In the spring of 1948, after leading the Michigan football team to a 10-0 record and its ninth National Championship, Fritz Crisler announced his retirement as head coach.

Many wondered what the future of the program would look like without him. After all, he’d been the coach for a decade.

But Crisler had no doubts about the Wolverines’ fate. Since he continued to serve as the school’s athletic director, he got to pick the new head coach. And without hesitation, on the night of his own retirement, Crisler selected then-assistant coach Benjamin “Bennie” Oosterbaan.

“It is only logical that he should succeed me,” Crisler told The Michigan Daily. “I know of no one who is better qualified to continue from where we left off last year. With Oosterbaan at the head of a fine staff, Michigan’s football program will be in good hands.”

Prior to the head-coaching job, Oosterbaan had already cemented himself as a Michigan man. He attended the school as a student during the late 1920s and excelled as a three-sport athlete. He played both wide receiver and defensive end for the football team, garnering All-American recognition three consecutive years. In his final year with the team, Oosterbaan was captain.

He played basketball and baseball, too, winning All-American honors as a forward and All-Conference honors playing pitcher and first base.

Following graduation, Oosterbaan became an assistant coach for basketball and football. He later became the head basketball coach and held the position from 1938 to 1946.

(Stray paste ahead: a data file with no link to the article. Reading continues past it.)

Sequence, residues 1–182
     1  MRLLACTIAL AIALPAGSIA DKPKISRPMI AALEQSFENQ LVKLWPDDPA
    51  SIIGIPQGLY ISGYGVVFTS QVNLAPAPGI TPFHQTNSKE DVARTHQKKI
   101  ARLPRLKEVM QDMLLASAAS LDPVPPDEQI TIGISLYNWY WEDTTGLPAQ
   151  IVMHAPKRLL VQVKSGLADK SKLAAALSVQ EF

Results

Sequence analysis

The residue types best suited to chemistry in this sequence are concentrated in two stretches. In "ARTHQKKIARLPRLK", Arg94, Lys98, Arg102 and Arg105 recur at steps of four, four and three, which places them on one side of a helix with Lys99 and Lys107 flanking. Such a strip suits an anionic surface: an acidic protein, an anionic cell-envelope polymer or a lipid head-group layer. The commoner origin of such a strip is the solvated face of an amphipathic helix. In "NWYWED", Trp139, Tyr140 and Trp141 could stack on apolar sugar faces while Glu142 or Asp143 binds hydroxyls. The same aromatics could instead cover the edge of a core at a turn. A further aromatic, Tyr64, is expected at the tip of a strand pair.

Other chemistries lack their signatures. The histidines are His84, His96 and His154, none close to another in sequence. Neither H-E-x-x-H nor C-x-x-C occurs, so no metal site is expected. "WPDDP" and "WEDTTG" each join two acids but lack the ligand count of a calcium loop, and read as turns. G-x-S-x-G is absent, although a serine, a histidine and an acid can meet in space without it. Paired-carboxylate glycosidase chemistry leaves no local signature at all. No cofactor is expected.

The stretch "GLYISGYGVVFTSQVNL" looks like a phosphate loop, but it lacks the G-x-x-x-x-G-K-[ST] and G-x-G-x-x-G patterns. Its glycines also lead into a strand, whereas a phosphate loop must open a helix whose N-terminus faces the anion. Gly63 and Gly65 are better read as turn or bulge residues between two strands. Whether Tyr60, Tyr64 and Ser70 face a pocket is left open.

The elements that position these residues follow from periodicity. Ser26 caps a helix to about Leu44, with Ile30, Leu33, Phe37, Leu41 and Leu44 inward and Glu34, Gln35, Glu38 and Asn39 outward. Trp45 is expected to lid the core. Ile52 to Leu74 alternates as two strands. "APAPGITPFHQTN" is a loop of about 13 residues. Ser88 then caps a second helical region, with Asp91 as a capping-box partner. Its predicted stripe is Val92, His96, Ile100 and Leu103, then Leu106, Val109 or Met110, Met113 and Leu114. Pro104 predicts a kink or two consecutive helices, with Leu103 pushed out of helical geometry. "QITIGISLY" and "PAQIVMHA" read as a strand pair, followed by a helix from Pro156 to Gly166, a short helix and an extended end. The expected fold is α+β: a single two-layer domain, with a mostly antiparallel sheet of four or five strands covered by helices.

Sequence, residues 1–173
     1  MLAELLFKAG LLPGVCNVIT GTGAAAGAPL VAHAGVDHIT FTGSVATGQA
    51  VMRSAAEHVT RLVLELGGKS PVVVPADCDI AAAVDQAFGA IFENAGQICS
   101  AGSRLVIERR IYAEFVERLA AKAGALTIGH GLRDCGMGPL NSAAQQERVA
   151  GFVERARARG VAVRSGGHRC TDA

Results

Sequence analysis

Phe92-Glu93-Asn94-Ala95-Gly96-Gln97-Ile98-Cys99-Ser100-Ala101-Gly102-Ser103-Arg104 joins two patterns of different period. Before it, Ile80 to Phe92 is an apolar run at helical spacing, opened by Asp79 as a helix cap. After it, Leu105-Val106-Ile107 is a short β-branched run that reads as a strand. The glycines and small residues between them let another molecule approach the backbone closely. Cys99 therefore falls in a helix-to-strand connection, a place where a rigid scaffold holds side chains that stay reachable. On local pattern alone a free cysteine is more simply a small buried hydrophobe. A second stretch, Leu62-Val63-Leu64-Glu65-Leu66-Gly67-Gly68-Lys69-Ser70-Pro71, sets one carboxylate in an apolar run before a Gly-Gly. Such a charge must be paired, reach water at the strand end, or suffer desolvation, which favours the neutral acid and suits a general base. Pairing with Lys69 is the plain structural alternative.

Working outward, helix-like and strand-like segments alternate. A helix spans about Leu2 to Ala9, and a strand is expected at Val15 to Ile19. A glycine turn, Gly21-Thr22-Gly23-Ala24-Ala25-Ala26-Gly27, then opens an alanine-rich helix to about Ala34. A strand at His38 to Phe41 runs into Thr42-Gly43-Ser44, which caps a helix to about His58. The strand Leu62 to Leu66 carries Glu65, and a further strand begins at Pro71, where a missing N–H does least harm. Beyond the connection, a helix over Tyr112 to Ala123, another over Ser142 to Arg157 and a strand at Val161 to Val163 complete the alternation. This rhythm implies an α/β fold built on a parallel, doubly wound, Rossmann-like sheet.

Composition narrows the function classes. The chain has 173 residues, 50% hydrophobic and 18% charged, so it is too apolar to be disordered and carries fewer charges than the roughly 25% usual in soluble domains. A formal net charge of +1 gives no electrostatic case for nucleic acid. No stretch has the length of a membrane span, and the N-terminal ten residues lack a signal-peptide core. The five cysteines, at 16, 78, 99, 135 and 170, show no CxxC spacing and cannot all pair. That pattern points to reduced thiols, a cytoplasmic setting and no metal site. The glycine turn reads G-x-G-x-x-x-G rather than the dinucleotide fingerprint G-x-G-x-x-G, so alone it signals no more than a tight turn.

Despite his familiarity with the school and its football program, some were skeptical about whether he would do well in the new role. This was in part due to his lack of success with the basketball team; as head coach, he compiled a mediocre 81–72 record.

But Oosterbaan proved the critics wrong. In his first year at the helm of the football team, he led the Wolverines to a 9-0 record and claimed both the national championship and Big Nine conference championship.

Entering that 1948 season, Michigan was without some of its stars from the season before. Particularly, the offense lacked Heisman runner-up Bob Chappuis and the Big Nine’s Most Valuable Player, Bump Elliott. Without them, the Wolverines had a rocky season-opener at Michigan State.

Four minutes into the game, center Bob Erben passed to offensive fullback Tom Peterson, who then connected downfield with end Dick Rifenberg to get Michigan on the scoreboard.

The Wolverines struggled offensively for the rest of the contest, though. They didn’t score again until the fourth quarter, but ultimately won the game, 13-7.

And Oosterbaan’s squad never looked back, faring much better in the next three games. Michigan shut out Oregon, Purdue and Northwestern, scoring 82 total points.

The defensive prowess continued, as the Wolverines allowed just 4.9 points per game that season. Michigan cruised through the rest of the regular season and even won the rivalry game against Ohio State, 13-3, in Columbus.

“Today’s victory made me very happy,” Oosterbaan said after defeating the Buckeyes. “Ohio played a fine game against us, and we had to push through a very strong defense to put over the touchdowns we needed to win.”

Ranked No. 1 in the final Associated Press poll of the regular season, Michigan was unanimously crowned the National Champions. Its resume was good enough for the Rose Bowl. However, that didn’t pan out.

The Wolverines played in the Rose Bowl the season before, and at the time, the rules didn’t allow teams to go to consecutive Rose Bowls. So, Michigan didn’t get to play in the big game. Instead, Northwestern faced California in Pasadena.

Though a technicality kept the Wolverines from realizing all their dreams that season, it certainly was a successful year. In his first year, Oosterbaan went on to win National Coach of the Year and guided the team for 10 more seasons.

Leave a comment

Your email address will not be published. Required fields are marked *